The breakthrough work in Pyle’s career, however, was The Merry Adventures of Robin Hood, published in 1883, the same year that Charles Cather moved his family from Virginia to Nebraska. Pyle began considering such a volume in 1876. He wrote to his mother on 30 November of that year, “I have been thinking lately that stories from the life of Robin Hood might be an interesting thing for St. Nicholas. Children are very apt to know of Robin Hood without any very clear ideas upon his particular adventures. And then how gloriously they would illustrate” (Abbott 31). It was Pyle who ﬁrst organized the Robin Hood tales into a coherent narrative and made the borderline criminal into the heroic ﬁgure we think of today. As Pyle’s earliest biographer remarks, “Robin Hood, Little John, Friar Tuck, Will Scarlet, all are intensely human personages, yet all move in an atmosphere that is brimming with fanciful notions” (Abbott 113).
Pyle's Merry Adventures of Robin Hood was an immediate success. Mark Twain called Pyle’s edition “the best Robin Hood that was ever written” (qtd. in Michaelis 35), and in the opinion of many, after more than 130 years, it remains the best edition of the Robin Hood stories ever published. Twain insisted that Pyle was the only person who should do the illustrations for his version of the story of Joan of Arc. Frederic Remington was so impressed with Pyle’s painting “Pirates Used to Do That to Their Captains Now and Then,” which appeared in Harper’s Monthly in November 1894, that he wrote Pyle asking to trade works for it and telling Pyle that he could take anything in his studio in exchange (Abbott 145). The noted American artist Joseph Pennell compared Pyle’s illustrations in Otto of the Silver Hand to those of Albrecht Dürer (Abbott 117).
Admiration for Pyle’s work was not limited to the United States, however. In England, William Morris, who himself had done so much to re-create the world of the Middle Ages, had nothing but praise for Pyle’s stories and illustrations. In 1882, twenty-nine-yearold Vincent van Gogh asked his brother Theo, “Do you know an American magazine called Harper’s Monthly? There are wonderful sketches in it . . . things in it which strike me dumb with admiration,” and he noted, in particular, drawings by Howard Pyle (van Gogh 1: 453). Van Gogh also mentions Pyle in several letters to artist friend Anton Ridder van Rappard, praising Pyle and some other illustrators as “great black-and-white artists of the people” and declaring one of Pyle’s illustrations “a damned ﬁne thing” (3: 329, 382). Van Gogh, in fact, was so impressed with Pyle’s artistry that he collected the two-page tearsheets of Pyle’s illustrations printed in Harper’s.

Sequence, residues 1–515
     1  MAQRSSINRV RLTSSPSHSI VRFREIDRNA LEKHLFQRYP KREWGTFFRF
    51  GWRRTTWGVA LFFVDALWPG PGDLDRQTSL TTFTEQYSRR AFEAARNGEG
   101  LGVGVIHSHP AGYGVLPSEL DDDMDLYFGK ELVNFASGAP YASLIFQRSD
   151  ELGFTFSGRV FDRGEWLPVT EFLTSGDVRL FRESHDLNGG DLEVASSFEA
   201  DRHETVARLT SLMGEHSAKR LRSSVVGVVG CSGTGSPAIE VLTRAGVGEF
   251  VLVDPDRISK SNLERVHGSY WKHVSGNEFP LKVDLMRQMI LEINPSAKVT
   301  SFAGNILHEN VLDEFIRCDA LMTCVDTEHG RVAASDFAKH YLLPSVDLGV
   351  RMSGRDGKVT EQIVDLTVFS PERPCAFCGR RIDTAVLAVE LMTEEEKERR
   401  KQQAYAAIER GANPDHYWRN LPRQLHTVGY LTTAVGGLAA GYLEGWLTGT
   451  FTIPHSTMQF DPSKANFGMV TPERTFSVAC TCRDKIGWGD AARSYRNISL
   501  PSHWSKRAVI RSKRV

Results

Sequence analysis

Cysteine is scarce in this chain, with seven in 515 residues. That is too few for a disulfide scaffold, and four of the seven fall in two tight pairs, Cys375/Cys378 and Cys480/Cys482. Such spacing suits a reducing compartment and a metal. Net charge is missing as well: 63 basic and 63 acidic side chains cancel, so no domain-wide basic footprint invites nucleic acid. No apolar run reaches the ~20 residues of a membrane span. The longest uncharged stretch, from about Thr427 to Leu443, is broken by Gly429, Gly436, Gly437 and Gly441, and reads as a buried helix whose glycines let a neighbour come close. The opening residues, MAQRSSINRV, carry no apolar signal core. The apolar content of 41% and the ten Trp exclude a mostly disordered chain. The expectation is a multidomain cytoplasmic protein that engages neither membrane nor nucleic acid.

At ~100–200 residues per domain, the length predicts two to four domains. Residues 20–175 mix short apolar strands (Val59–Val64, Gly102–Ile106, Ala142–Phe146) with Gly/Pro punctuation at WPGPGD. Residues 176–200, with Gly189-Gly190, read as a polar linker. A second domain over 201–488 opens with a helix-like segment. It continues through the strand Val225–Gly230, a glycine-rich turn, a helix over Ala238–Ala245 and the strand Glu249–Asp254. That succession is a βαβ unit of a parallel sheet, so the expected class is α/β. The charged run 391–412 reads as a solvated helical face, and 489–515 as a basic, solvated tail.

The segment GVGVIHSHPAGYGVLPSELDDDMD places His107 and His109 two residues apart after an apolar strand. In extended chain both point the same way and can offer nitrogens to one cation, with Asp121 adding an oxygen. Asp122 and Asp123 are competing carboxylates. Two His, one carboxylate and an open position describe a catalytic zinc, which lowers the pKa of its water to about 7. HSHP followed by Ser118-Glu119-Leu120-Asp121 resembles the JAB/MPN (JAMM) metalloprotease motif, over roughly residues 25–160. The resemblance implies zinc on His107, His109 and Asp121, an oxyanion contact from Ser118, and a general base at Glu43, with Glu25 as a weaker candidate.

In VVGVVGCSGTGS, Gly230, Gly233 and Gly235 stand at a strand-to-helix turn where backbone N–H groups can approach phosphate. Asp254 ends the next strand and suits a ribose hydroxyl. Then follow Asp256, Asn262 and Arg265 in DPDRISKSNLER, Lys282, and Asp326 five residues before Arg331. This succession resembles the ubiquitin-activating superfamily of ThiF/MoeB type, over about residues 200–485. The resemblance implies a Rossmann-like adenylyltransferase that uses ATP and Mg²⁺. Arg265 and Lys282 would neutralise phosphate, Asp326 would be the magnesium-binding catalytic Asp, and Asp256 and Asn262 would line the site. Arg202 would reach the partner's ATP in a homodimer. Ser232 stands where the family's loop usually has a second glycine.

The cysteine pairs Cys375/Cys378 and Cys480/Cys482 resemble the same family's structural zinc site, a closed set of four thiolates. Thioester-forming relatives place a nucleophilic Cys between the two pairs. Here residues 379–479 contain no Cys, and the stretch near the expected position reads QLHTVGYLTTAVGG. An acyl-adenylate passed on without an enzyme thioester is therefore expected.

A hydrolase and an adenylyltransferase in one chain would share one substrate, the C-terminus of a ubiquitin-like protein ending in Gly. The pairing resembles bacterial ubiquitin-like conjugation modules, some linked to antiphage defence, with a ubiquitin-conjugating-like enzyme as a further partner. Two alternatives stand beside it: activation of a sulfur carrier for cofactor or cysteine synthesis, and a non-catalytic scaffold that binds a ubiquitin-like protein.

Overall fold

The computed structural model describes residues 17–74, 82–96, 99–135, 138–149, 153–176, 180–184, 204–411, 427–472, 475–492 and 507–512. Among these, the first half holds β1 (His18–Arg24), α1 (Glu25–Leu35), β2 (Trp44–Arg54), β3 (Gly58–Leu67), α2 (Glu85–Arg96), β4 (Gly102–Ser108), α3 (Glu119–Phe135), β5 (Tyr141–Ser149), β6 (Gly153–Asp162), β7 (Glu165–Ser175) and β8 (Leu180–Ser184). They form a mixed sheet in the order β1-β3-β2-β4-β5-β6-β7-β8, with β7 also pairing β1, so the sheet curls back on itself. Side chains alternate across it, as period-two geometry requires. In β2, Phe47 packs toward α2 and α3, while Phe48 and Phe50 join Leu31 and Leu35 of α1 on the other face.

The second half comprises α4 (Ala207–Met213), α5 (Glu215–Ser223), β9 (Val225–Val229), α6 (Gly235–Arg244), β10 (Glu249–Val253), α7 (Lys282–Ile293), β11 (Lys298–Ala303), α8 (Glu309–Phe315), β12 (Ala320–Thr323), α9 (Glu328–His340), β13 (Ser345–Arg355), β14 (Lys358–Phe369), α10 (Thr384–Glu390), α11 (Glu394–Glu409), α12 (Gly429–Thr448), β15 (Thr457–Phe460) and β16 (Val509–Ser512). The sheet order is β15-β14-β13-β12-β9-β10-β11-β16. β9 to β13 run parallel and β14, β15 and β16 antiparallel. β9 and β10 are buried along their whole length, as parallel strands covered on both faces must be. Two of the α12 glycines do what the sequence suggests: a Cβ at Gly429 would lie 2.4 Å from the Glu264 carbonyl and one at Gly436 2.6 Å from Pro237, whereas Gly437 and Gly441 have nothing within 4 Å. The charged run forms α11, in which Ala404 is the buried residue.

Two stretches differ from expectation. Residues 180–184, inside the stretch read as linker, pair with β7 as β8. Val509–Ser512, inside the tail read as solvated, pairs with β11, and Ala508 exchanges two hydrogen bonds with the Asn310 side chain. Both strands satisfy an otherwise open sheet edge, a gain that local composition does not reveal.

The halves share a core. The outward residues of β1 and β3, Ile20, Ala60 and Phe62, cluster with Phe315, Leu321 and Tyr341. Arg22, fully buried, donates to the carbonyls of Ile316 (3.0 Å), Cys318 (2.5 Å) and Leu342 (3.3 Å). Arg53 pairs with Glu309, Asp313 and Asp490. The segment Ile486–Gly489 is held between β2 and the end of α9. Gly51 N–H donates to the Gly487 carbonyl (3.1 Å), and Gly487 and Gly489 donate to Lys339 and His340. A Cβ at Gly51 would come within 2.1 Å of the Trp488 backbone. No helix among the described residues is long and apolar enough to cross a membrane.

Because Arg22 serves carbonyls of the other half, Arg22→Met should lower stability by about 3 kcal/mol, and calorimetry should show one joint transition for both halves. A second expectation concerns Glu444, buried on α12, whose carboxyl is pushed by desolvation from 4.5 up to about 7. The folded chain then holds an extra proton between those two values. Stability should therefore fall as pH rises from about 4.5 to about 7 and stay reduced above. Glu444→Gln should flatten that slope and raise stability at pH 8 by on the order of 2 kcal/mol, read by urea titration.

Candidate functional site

Pyle’s books, published by Harper and Brothers, are visually beautiful, a characteristic that Cather later found so appealing about the books that Alfred Knopf produced. In addition to the illustrations, Pyle’s writing style in these works is “a very successful adaptation of archaic English, not so complex as to be hard to read, but sufficiently antique to lend the charm of age to the narrative” (Abbott 114). Pyle’s ingenious “re-creation” of a sort of “older” English is an element of his writing that Cather speciﬁcally noted in her inscription in The Troll Garden, where she refers to the “beauty of language” in his works.
While Cather might have encountered any number of Pyle’s illustrated fairy tales or his illustrations on American history, his works set in the Middle Ages and the series of stories and illustrations having to do with pirates clearly were at the heart of the imaginative worlds young Willie Cather and her brothers created. As one writer assessing Pyle’s career said in 1907, “The culture of the imagination is a vital part of Mr. Pyle’s theory” (Trimble 459). It was the child’s and adolescent’s imagination (and those of any number of “big children” as well) that Pyle knew so well and appealed to so effectively.